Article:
The students with a monthly income of more than US $ 614 used more SM than those with a monthly income of US $ 308–613 and less than US $ 307, but the difference was not statistically significant. The higher rate of SM among the students with higher income is a surprising issue that needs more analysis.

The findings of this study showed that SM was higher in students without insurance coverage than those under insurance coverage, although the difference was not statistically significant. This finding is in line with the results of Shah et al. [12]. It should be noted that all Iranian students in Iran can have health insurance. However, a significant proportion of students did not use these facilities and had no health insurance. Yet, having or not having insurance has no effect on SM so that the students under health insurance coverage had performed SM as much as the students without health insurance. That students under insurance coverage used SM as much as the students without health insurance is related to the commitments of the insurance companies, and that the insurer should pay a significant portion of the cost of a doctor’s visit and medications.

The most prevalent sources of information about the drugs used in SM were pharmacists and internet. Other studies have reported prior experience [14]. Pharmacist’s advice [3, 14, 15] textbooks [15], classmates or senior students [15] and journals and former prescriptions [3] as the most common sources of information.

Availability of pharmacist’s advice, easy access to pharmaceutical reference books and media advertisement are some reasons for tendency toward SM [25]. In the current study, the highest rate of SM was seen among the medical students. In a study in Ethiopia, no significant difference was found among various majors of health sciences in terms of SM [24], but another study conducted in the same country showed the prevalence of SM to be significantly higher among pharmacy students than other disciplines of health sciences [19].

The studies comparing SM in medical and non-medical students have obtained interesting results. Some of these studies have reported higher prevalence of SM in the medical students than non-medical students [15]. While some others have shown insignificant difference between medical and non-medical students [14, 21]. The results of the present study indicated high prevalence of SM among all health sciences students. This however can be associated with more risks in non-medical students because the medical students have more information about pharmaceutical sciences and have more access to the medical specialists than non-medical students. However, this cannot be a good justification for doing SM by the medical students. On the other hand, the possibility of picking a wrong drug or dosage is higher among the non-medical students.

The current study explored the prevalence of SM in the past 6 months prior to the study. Therefore, there existed the possibility of recall bias. Impossibility of determining the cause and effect relationship due to the cross-sectional nature of this study was another limitation. Because of small sample size, it was not possible to perform chi-square test to investigate the relationship of SM with major and family income. Future studies are suggested to evaluate the prevalence of SM in a larger population and at other medical universities. The predictors of SM are also advised to be analyzed among the health sciences students. Moreover, comparative studies on medical and non-medical students are recommended to be carried out to determine their knowledge about the risks associated with SM.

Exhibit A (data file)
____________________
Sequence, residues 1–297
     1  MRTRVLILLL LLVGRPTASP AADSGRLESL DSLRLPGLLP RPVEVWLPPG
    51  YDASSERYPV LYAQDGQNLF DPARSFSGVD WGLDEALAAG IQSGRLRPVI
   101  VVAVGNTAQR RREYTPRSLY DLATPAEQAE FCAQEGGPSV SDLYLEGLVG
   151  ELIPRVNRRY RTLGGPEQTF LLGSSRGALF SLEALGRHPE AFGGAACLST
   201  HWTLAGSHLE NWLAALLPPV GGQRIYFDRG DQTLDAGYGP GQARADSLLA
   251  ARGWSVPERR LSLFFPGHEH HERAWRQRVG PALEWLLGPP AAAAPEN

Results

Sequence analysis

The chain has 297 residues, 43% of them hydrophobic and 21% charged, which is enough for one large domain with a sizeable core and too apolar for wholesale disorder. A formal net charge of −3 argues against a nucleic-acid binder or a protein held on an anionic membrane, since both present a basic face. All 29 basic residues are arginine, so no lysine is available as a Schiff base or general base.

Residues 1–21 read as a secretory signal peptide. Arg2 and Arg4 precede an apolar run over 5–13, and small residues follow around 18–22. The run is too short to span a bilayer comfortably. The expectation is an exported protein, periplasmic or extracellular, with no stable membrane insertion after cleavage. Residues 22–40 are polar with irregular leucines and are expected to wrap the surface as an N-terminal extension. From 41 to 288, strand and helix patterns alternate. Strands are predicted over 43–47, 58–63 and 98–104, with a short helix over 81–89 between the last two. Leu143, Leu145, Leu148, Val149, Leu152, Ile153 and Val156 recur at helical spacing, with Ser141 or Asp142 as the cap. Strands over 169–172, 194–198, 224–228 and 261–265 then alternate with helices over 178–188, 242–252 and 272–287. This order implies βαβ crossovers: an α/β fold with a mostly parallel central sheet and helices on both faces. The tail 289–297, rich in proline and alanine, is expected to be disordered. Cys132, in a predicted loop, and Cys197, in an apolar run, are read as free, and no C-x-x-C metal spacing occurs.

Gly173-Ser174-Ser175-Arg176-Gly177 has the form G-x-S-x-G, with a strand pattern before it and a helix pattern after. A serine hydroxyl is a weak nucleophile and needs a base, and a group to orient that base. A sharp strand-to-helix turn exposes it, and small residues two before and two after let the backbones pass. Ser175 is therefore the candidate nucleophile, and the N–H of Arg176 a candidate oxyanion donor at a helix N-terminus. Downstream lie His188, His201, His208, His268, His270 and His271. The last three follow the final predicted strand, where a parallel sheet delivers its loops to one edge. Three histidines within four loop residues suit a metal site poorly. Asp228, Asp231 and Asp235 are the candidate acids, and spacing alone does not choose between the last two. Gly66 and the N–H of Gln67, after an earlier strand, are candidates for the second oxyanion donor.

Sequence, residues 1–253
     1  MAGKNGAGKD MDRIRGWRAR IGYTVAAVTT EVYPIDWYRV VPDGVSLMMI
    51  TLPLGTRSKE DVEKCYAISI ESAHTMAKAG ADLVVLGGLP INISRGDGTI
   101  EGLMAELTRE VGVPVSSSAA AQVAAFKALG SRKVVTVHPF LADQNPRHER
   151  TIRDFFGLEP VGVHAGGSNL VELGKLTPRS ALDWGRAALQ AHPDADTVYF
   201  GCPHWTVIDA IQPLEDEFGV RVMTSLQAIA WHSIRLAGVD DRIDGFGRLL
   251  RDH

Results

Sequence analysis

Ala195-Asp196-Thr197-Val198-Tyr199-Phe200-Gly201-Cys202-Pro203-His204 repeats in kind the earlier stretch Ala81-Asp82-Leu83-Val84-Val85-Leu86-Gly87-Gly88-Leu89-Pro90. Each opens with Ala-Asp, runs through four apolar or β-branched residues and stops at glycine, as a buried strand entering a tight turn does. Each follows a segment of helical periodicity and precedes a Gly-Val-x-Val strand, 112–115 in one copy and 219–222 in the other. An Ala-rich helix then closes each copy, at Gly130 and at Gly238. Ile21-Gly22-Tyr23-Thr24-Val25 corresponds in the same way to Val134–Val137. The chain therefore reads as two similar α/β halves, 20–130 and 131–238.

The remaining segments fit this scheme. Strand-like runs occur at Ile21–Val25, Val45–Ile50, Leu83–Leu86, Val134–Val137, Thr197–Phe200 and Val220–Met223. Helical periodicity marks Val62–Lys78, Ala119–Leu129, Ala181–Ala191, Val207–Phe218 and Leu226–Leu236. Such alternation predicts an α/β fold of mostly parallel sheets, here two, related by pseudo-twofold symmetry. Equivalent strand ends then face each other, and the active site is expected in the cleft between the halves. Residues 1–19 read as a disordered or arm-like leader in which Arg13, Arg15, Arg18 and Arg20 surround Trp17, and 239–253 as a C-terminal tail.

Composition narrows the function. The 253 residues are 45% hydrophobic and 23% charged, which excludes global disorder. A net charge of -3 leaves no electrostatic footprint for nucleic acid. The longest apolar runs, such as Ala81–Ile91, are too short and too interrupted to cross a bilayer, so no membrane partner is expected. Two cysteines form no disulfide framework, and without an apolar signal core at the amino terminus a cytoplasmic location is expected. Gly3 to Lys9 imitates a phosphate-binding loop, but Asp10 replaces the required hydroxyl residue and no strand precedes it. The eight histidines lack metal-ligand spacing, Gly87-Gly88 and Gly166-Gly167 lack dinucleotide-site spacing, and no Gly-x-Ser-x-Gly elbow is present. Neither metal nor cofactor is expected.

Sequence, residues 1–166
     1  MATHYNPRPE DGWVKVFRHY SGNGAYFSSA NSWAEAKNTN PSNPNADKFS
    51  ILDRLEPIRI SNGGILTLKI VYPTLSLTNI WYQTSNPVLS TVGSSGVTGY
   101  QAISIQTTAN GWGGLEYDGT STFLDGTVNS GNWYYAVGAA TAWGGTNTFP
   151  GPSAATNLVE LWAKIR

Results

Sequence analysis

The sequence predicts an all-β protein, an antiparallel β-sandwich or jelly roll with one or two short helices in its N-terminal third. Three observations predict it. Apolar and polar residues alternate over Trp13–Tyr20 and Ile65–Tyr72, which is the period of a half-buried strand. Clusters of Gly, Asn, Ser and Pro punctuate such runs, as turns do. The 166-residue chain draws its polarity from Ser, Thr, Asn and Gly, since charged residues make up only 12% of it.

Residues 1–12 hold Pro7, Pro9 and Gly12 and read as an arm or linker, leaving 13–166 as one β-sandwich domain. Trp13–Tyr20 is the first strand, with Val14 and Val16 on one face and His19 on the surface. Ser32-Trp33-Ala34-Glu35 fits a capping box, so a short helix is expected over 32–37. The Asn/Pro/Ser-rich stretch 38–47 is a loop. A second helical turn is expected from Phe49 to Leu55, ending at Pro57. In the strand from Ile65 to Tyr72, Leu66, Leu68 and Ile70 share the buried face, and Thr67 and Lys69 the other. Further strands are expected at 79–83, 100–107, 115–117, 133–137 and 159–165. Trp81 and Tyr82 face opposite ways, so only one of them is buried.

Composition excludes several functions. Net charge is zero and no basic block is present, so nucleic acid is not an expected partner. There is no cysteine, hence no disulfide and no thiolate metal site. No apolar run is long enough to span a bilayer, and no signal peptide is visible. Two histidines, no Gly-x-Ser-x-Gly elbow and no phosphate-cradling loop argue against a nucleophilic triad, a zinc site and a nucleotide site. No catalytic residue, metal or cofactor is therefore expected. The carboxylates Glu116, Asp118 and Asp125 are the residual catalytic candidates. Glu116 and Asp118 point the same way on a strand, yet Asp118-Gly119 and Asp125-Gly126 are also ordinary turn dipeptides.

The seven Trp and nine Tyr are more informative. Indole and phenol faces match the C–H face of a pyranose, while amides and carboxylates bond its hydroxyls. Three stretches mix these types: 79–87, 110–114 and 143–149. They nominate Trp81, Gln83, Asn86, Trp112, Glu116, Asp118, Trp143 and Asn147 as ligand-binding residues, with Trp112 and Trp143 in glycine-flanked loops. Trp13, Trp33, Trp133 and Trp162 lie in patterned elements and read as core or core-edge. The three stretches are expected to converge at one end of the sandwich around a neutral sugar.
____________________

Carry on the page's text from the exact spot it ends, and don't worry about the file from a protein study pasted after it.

Conclusion

In the present study, the prevalence of SM was very high, and SM showed no significant difference in terms of age, gender, marital status, insurance and residence. Considering the risks associated with SM, the authorities of faculties have to provide students with the required trainings in this regard, because the awareness of medical sciences students about SM maybe will reduce its prevalence in general population. Further, more strict policies need to be adopted regarding the promotion and sale of the prescription drugs.

Abbreviations

KUMS: 

Kermanshah University of Medical Sciences

SM: 

Self-medication

Declarations

Acknowledgements

The authors would like to appreciate the president and co-workers of deputy of research and technology of Kermanshah University of Medical Sciences, and all the students who contributed to the study. We highly appreciate the Clinical Research Development Center of Imam Reza Hospital for their wise advices.

Funding

The study was funded by Kermanshah University of Medical Sciences (Grant No. 96011).

Availability of data and materials

The identified datasets analyzed during the current study are available from the corresponding author on reasonable request.

Ethic’s approval and consent to participate

The study was approved by research ethics committee of Kermanshah University of Medical sciences, with number of KUMS.REC.1395.769. We also took written informed consent from the participants.

Authors’ contributions

AA and AF, and AK contributed in designing the study, FD collected the data, and analyzed by AA, the final report and manuscript were written by AF, AK, FD and AA. All the authors read and approved the version for submission.

Consent for publication

No applicable

Competing interests

The authors declare that they have no competing interests.

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Authors’ Affiliations

(1)
Department of Nursing, School of Nursing and Midwifery, Kermanshah University of Medical Sciences, Kermanshah, Iran
(2)
Social Development and Health Promotion Research Center, Kermanshah University of Medical Sciences, Kermanshah, Iran

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Copyright

© The Author(s). 2018